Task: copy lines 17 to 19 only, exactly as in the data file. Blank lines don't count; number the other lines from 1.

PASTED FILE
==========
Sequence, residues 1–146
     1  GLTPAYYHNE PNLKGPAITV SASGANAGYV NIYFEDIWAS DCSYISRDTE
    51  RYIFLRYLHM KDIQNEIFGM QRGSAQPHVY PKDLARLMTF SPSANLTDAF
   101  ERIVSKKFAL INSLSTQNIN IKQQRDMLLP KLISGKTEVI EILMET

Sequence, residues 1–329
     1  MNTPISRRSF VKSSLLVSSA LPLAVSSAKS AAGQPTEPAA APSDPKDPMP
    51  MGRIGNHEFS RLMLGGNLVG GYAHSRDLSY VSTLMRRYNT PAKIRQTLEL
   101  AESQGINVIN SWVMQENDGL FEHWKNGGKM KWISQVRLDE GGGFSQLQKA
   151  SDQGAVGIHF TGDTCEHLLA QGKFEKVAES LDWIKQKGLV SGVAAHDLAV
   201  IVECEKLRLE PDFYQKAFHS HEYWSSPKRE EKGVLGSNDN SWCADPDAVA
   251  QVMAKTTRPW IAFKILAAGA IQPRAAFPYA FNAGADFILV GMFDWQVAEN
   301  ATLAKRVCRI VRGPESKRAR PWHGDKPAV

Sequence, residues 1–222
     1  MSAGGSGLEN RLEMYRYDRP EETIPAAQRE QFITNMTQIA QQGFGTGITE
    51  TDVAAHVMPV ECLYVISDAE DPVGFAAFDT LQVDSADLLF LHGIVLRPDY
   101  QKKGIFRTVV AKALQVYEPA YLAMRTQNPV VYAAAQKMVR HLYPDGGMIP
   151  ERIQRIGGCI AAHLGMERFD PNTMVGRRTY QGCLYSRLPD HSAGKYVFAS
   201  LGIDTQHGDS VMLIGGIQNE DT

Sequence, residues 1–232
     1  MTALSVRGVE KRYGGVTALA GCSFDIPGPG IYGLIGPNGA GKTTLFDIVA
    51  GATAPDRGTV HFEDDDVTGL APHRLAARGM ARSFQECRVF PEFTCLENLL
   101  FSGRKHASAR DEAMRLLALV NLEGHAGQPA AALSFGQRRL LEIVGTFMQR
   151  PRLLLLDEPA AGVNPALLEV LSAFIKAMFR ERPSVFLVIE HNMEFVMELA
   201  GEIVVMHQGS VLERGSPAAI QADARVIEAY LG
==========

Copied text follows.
   151  ERIQRIGGCI AAHLGMERFD PNTMVGRRTY QGCLYSRLPD HSAGKYVFAS
   201  LGIDTQHGDS VMLIGGIQNE DT

Sequence, residues 1–232